Today, the Pew Research Center released some of the first data from its 2014 research on the religious affiliations of the populace of the United States. With the comparisons made to a similar 2007 study, there are a lot of interesting tidbits floating in the data, but there are also some concerning trends. Reformed folks may find one statistic particularly troubling: Pew’s data shows that only 34% of Americans raised in a Reformed church will continue to attend one as adults. That puts us near the bottom of the pack among Protestants, and even religions generally.
It may be easy to respond to these numbers by dismissing them. Since the Reformed make up a small number of the U.S. population, these statistics may well be subject to the tyranny of small data sets. Similarly, we could locate the problem among whatever other Reformed denomination or churches we happen to dislike, saying it’s really their problem, not ours. However, I would urge all of us, whether Reformed or not, to take this report as a rallying call not just to understand our own faith but to renew our commitment to cultivating a faithful vibrancy in our children as well.
The Good, The Bad, & The Ugly
To parse out why I interpret the report in this way, it’s important to look at the 34% statistic in context with some of the others that the study gives about Reformed folks. The relatively good news is that the Reformed population has remained stable over the past seven years. While the Pew research shows a large number of youth leaving Reformed churches, a similar number of new people are coming in. At the same time, most of those who leave Reformed churches are not abandoning the faith entirely, as 42% end up in other protestant churches and 4% join the Catholic Church. The really ugly statistic though is that 20% are leaving the faith entirely, with 18% becoming totally religiously unaffiliated.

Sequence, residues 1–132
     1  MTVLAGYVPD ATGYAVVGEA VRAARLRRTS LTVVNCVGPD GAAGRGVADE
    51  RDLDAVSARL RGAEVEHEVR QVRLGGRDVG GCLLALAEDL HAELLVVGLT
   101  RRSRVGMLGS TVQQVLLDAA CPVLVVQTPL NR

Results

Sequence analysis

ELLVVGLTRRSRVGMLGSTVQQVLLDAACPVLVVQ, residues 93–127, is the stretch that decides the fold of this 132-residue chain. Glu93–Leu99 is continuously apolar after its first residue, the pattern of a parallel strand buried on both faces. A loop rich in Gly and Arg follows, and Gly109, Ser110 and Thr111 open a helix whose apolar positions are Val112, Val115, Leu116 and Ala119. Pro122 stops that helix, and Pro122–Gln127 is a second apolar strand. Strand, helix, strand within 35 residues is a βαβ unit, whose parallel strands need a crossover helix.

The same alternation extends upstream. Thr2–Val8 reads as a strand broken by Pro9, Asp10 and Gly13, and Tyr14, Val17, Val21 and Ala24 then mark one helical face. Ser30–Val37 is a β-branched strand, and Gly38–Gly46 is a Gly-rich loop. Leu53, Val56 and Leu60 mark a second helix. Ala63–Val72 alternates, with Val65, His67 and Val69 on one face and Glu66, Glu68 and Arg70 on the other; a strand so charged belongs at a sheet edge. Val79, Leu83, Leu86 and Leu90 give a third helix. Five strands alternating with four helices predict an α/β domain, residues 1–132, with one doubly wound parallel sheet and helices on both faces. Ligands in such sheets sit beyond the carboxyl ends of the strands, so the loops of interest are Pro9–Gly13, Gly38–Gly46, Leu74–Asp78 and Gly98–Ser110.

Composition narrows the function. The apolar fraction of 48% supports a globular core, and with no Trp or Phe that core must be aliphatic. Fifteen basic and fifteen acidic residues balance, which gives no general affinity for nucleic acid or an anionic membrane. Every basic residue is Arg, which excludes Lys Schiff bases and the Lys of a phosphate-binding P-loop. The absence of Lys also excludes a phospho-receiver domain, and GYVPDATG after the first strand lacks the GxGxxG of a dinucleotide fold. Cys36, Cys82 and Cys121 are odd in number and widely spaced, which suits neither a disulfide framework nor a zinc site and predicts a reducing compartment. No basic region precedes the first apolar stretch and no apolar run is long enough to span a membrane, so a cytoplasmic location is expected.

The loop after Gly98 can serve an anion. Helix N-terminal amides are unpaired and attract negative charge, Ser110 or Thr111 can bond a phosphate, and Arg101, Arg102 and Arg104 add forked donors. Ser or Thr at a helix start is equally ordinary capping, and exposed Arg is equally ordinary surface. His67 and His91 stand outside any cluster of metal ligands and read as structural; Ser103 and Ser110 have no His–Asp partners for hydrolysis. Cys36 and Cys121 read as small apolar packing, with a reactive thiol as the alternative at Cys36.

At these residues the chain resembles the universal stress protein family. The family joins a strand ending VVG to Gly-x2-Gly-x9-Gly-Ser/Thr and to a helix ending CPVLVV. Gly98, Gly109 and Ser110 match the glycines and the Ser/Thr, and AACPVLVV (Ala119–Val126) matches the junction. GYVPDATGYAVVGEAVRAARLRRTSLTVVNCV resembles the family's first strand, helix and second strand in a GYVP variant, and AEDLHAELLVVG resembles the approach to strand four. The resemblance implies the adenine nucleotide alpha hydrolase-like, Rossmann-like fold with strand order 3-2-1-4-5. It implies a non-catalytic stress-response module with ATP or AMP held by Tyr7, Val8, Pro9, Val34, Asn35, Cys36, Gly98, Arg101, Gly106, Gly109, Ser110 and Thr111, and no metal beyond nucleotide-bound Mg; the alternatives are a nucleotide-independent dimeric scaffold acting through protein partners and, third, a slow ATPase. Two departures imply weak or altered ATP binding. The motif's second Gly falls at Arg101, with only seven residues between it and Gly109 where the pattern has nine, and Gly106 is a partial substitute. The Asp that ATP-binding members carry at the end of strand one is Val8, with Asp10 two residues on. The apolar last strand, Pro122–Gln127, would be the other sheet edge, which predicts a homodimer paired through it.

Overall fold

So what do these other numbers mean? Well, the good news is that it suggests that Reformed churches are not failing at their work of evangelism. Those who’ve left the tradition as they grew up have been replaced by new folks attracted to the theological richness and depth that the Reformed tradition has to offer. At the same time, it seems that the message that is enticing to others is missing many of the youth who grew up in Reformed churches. Losing one in five children from the faith entirely is a deep tragedy, and while we’re not alone in that problem (our Presbyterian cousins lose one in four), the result is not foregone: for instance, the Anabaptists only lose 5-8% of their number to unbelief.